September 14, 2014 – 5:26PM
City Editor, The Age
Planning Minister Matthew Guy.
Planning Minister Matthew Guy ignored advice from his own specially commissioned expert committee on the roll-out of new rules blocking high-rise development across Melbourne’s richest suburbs.
Reports by the committee established by Mr Guy to advise him on new planning zones introduced in June appear to have been unintentionally released by his department.
One “Overarching Issues Report” completed by Mr Guy’s specially formed advisory committee, looked at the proposed roll-out of new planning zones for Melbourne.
The report, which Mr Guy considered when signing off on new planning rules for several Melbourne councils in June, voiced concerns by its authors – 19 senior planners – over how extensively some councils wanted restrictive new rules stopping new housing over two storeys.
It warned that applying the most conservative “neighbourhood residential zone” – which some councils wanted across most of their suburbs – could compromise Melbourne’s ability to create enough new housing.
Despite this, Mr Guy in June signed off on new planning rules for Bayside and Boroondara councils – which cover wealthy areas including Kew, Hawthorn, Camberwell, Brighton, Sandringham and Black Rock.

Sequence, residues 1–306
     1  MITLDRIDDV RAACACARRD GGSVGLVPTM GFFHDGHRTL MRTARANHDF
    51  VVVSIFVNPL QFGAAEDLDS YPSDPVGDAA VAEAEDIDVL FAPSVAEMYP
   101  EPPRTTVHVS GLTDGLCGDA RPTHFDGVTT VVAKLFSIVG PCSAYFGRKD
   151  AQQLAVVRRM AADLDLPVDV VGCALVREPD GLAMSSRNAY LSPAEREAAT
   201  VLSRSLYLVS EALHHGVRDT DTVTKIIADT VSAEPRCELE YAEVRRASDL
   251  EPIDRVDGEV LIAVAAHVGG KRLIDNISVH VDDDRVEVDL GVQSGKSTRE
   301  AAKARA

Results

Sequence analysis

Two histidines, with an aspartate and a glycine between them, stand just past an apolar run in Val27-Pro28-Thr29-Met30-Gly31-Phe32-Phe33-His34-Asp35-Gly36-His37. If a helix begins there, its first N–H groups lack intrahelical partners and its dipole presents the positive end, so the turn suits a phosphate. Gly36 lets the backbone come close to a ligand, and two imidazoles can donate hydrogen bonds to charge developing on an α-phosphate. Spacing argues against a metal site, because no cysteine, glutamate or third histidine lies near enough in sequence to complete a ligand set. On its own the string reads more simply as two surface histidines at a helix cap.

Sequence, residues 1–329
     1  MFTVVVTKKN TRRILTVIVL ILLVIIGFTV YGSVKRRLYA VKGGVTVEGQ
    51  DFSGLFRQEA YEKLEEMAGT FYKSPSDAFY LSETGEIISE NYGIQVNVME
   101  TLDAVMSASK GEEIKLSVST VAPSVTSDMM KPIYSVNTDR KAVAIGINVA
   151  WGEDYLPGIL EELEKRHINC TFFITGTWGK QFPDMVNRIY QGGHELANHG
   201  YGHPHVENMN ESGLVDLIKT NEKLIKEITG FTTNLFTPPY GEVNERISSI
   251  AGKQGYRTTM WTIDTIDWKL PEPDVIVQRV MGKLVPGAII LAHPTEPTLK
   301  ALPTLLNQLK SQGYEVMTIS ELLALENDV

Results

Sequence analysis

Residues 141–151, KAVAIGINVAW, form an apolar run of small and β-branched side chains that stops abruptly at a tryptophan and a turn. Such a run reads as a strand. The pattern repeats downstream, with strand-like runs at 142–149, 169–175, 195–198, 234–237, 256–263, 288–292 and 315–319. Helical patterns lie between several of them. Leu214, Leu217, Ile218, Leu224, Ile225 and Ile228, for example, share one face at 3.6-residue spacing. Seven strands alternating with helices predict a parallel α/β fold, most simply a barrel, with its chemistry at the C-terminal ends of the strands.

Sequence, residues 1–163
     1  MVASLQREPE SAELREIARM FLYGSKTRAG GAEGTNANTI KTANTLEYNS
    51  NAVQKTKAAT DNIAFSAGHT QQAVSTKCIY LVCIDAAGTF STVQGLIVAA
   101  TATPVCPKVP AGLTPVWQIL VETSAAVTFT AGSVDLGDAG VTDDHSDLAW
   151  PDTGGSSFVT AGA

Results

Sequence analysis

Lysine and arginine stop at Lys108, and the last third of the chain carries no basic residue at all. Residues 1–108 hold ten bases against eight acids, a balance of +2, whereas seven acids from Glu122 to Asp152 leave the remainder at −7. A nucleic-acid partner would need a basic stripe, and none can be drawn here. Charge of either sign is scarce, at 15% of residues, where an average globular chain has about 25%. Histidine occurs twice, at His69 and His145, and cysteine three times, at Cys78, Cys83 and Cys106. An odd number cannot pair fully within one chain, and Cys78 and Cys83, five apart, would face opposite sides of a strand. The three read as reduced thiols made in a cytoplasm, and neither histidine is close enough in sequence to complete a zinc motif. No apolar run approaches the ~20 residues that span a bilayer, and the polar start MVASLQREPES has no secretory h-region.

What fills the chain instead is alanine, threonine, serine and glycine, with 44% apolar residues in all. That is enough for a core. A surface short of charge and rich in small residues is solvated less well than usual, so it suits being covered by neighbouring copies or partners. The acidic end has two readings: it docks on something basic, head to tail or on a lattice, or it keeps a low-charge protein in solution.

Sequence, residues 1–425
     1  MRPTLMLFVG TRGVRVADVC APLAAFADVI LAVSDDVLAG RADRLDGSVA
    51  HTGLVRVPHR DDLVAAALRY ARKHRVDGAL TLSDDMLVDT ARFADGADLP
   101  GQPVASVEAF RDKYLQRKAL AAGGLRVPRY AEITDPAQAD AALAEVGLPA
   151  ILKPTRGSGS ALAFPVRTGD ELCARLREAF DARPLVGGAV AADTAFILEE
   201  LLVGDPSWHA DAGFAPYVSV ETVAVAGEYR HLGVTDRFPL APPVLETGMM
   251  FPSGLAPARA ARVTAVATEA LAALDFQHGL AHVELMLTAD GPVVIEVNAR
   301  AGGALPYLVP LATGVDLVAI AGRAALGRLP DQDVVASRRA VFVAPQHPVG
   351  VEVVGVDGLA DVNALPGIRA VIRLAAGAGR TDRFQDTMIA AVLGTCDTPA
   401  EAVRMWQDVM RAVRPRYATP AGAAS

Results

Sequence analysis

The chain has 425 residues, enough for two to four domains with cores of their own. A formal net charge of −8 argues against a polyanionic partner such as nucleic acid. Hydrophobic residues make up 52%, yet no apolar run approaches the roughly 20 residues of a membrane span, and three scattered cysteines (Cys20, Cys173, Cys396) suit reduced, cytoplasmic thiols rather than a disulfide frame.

Across these two areas, Mr Guy gave the councils new mandatory height limits restricting new development to two stories or below across around 80 per cent of their residential areas.
Several other councils – Moreland, Moonee Valley and Kingston councils, among others – wanted similar rulings from the minister, but missed out and are now going through a more extended process to finish by next July.
The Napthine government’s Plan Melbourne strategy, released in May, says the city will need 1.6 million new homes in the next four decades to accommodate population growth.
Developers, social housing groups and planners have warned the restrictive new zones will stop many new residential projects going ahead.
The committee advising Mr Guy said it shared these concerns, that many councils had proposed blocking major development “without sound justification”.
This was, the committee said, “very likely to compromise the ability to meet the projected growth in households in a way that also addresses choice, affordability and diversity in housing supply”.
“Many municipalities appear to have used the introduction of the new zones to adopt mandatory provisions without a clear rationale for these provisions or an understanding of their potential impacts,” the report says.
A spokesman for Mr Guy confirmed the minister did consider the report from his expert advisory committee when changing the zoning rules.
Source : The Age